Substance Use Attenuates Physiological Responses Associated With PTSD among Individuals with Co-Morbid PTSD and SUDS
- Corresponding Author:
- Tanja Jovanovic
Department of Psychiatry & Behavioral Sciences Emory University School of Medicine
49 Jesse Hill Jr. Dr., Suite 331, Atlanta, GA 30303, USA
Fax: 404-778-1488 E-mail: [email protected]
Received date: July 08, 2013; Accepted date: August 26, 2013; Published date: August 30, 2013
Citation: Davis TA, Jovanovic T, Norrholm SD, Glover EM, Swanson M, et al. (2013) Substance Use Attenuates Physiological Responses Associated With PTSD among Individuals with Co-Morbid PTSD and Suds. J Psychol Psychother S7:006. doi:10.4172/2161-0487.S7-006
Copyright: © 2013 Davis TA et al., This is an open-access article distributed under the terms of the Creative Commons Attribution License, which permits unrestricted use, distribution, and reproduction in any medium, provided the original author and source are credited.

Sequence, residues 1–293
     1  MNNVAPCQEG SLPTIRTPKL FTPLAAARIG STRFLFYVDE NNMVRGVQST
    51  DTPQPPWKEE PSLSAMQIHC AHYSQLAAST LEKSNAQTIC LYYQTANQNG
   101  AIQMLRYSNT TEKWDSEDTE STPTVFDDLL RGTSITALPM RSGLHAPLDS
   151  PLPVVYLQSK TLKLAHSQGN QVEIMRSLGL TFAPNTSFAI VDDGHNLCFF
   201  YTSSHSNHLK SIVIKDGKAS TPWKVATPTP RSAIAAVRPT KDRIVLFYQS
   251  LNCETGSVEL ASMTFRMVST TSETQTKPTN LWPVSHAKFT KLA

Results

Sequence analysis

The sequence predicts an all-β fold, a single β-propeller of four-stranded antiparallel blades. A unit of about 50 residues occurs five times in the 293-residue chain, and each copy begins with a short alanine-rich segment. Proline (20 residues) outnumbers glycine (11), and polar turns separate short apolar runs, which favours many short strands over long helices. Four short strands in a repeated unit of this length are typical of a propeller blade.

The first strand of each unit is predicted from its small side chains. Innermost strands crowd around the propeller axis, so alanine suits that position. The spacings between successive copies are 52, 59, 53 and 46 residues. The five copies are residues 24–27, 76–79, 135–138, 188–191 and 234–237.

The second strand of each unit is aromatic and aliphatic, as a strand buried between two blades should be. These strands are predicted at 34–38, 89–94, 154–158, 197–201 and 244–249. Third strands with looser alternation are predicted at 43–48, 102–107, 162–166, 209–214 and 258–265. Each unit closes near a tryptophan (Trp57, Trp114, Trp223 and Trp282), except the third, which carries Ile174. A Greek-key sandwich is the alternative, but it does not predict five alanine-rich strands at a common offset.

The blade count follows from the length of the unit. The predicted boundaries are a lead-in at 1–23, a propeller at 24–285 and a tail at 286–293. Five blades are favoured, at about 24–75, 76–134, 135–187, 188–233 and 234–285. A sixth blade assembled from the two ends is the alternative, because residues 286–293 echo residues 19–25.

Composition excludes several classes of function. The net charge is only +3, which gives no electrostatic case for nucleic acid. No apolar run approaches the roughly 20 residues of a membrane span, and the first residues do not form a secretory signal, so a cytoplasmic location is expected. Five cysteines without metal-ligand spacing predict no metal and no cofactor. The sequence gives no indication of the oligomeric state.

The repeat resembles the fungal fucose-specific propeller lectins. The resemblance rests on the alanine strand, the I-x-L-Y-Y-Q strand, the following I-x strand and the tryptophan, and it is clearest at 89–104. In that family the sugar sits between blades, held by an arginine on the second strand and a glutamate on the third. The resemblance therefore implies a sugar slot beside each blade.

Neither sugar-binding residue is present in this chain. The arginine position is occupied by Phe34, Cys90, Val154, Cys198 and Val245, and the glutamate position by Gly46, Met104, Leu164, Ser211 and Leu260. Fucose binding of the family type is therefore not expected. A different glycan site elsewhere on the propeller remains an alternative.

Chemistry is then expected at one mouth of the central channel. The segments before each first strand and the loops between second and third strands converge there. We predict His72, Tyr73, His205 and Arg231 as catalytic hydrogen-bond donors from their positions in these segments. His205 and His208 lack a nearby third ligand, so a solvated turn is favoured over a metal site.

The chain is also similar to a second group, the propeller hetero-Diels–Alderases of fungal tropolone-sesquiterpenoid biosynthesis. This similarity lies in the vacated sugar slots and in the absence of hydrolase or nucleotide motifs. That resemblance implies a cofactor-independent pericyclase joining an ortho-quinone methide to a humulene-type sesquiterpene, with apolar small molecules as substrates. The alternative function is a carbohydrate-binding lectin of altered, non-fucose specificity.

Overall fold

Posttraumatic stress disorder (PTSD) is often conceptualized from a fear conditioning perspective given individuals with PTSD demonstrate a reduced ability to inhibit fear even under safe conditions as compared to those without PTSD. The self-medication hypothesis suggests that individuals with PTSD often develop substance use disorders (SUDs) as an attempt to mitigate trauma-related distressing emotions. This investigation examined this hypothesis in a sample 214 participants, of which 81 did not meet criteria for either PTSD or SUDs (No diagnosis Control group); 33 met criteria for lifetime PTSD, but not SUDs (PTSD only group); 54 met criteria for lifetime SUDs, but not PTSD (SUDs only group); and 46 met lifetime criteria for both disorders (PTSD+SUDs group). PTSD was assessed using the modified PTSD Symptoms Scale (mPSS), and SUDs were assessed using the Structured Clinical Interview for DSM-IV (SCID). The startle magnitude was assessed using electromyography (EMG) of the eyeblink muscle in response to an acoustic startle probe. Fear-potentiated startle (FPS) was analyzed by comparing startle magnitude at baseline to startle during a fear conditioned stimulus. Results showed that PTSD significantly increased startle responses. However, there was a significant effect of SUDs on fear-potentiated startle to the danger signal, in that those who met criteria for SUDs had reduced fear compared to those who did not. The individuals who had co-morbid PTSD and SUDs did not differ from the Control group. Findings indicate that SUDs may attenuate exaggerated fear responses associated with PTSD. Consistent with the self-medication hypothesis, results suggest that substance use may co-occur with PTSD because it reduces heightened fear load and may allow normalized function in traumatized individuals.